Food Companies Sell 6.4T Fewer Calories Than in 2007
Study finds industry exceeds pledge to reduce counts
By Newser Editors and Wire Services
Posted Jan 9, 2014 5:01 PM CST
The nutrition information is shown on the back of a Campbell's Chicken Noodle soup can.   (J. David Ake)

(Newser) – Some of the nation's largest food companies have cut daily calorie counts by an average of 78 per person, a new study says, more than four times the amount the industry pledged to slash by next year. The study sponsored by the Robert Wood Johnson Foundation found that between 2007 and 2012, the estimated total cut in food product calories from a group of 16 major food companies was in the range of 6.4 trillion. Seventy-eight calories would be about the same as an average cookie or a medium apple, and the federal government estimates an average daily diet at around 2,000 calories. The study said the calories cut averaged out to 78 calories per day for the entire US population.

The 2010 pledge taken by the companies—including General Mills, Campbell Soup, ConAgra Foods, Kraft Foods, Kellogg, Coca-Cola, PepsiCo, and Hershey—was to cut 1 trillion calories by 2012 and 1.5 trillion calories by 2015. The Robert Wood Johnson Foundation signed on to hold the companies accountable, and that group hired researchers at the University of North Carolina at Chapel Hill to painstakingly count the calories in almost every single packaged item in the grocery store. To meet the commitment, the companies took a variety of approaches. Coca-Cola, for instance, said it had introduced more than 100 no-calorie and low-calorie beverages in the last seven years and had introduced mini-cans of many of its products. Kraft said it had changed recipes to lower sugars in Capri Sun juice drinks and Kraft barbecue sauce.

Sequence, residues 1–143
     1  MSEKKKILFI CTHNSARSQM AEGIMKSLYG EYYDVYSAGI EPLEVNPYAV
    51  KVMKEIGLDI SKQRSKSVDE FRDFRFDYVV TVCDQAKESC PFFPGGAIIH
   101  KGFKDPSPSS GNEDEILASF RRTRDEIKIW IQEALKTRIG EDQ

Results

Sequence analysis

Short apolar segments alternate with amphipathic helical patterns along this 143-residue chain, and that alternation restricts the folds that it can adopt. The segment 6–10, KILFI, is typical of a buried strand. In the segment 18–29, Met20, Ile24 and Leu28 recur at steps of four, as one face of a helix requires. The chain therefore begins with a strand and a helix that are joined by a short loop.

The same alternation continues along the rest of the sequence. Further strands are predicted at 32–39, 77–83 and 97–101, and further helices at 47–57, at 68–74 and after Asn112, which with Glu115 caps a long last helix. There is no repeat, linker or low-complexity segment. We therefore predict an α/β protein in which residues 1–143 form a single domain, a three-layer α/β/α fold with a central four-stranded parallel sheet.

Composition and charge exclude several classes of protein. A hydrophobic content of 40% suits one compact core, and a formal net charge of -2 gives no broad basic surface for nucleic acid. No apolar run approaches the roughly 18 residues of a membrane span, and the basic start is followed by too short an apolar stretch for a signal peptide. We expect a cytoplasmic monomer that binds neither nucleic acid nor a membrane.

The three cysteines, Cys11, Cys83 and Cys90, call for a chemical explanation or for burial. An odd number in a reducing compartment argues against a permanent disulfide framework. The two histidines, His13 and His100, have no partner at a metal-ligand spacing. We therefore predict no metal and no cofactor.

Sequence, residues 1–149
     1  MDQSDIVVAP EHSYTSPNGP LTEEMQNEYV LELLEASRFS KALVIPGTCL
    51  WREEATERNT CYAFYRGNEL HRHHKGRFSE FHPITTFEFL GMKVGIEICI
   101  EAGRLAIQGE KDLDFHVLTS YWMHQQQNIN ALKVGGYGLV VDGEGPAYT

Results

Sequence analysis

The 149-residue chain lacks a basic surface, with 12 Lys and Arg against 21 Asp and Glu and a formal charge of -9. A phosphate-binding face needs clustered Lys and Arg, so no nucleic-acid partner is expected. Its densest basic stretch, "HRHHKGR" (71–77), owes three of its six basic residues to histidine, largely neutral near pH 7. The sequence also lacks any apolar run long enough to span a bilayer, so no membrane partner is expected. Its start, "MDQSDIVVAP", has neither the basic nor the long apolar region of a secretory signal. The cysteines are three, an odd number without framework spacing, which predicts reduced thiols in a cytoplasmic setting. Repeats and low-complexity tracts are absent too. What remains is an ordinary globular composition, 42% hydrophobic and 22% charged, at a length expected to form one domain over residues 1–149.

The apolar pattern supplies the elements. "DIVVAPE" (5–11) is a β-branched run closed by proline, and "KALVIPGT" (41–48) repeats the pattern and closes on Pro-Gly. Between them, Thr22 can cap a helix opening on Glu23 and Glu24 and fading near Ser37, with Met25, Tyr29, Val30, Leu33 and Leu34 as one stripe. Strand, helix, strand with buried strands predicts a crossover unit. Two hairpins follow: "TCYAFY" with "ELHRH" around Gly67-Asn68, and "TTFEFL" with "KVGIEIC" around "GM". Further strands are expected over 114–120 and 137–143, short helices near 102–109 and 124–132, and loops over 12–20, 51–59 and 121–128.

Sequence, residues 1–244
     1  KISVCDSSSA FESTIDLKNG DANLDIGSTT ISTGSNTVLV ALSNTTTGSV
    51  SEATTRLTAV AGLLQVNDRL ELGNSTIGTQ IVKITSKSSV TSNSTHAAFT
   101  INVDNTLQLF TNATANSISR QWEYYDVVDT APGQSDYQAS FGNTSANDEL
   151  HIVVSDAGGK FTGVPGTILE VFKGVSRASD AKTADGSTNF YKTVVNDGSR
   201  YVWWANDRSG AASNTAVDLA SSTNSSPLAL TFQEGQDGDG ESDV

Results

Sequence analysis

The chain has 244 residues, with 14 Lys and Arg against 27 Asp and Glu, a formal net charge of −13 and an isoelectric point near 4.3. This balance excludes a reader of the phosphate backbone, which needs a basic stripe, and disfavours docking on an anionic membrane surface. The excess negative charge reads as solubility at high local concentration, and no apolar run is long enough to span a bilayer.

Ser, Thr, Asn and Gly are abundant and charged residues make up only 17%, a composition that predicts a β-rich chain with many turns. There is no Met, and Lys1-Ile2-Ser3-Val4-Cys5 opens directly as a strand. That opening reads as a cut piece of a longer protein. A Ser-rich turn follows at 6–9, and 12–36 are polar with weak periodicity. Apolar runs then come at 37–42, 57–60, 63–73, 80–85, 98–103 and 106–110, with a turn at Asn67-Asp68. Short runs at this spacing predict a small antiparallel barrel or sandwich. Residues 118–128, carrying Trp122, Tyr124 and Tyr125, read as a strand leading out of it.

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Showing 3 of 16 comments
Jan 9, 2014 7:54 PM CST
"the federal government estimates an average daily diet at around 2,000 calories" I wish I could eat 2000 calories per day. If I ate that much I would weight 275 pounds.
Arthur Machado
Jan 9, 2014 7:36 PM CST
Normally I'm a capitalist, but this irks me. They did it by cutting the size of their cans, bottles and boxes and charging the same price. So poor people who don't usually read labels can pay the same amount for less food. And the companies can get great publicity by taking advantage of people.
Jan 9, 2014 7:22 PM CST
Could it be that the bad economy is causing people to waste less, or are people dieting more or gardening more? It's an interesting stat but I can't imagine that food companies would not sell the product if people wanted to buy it.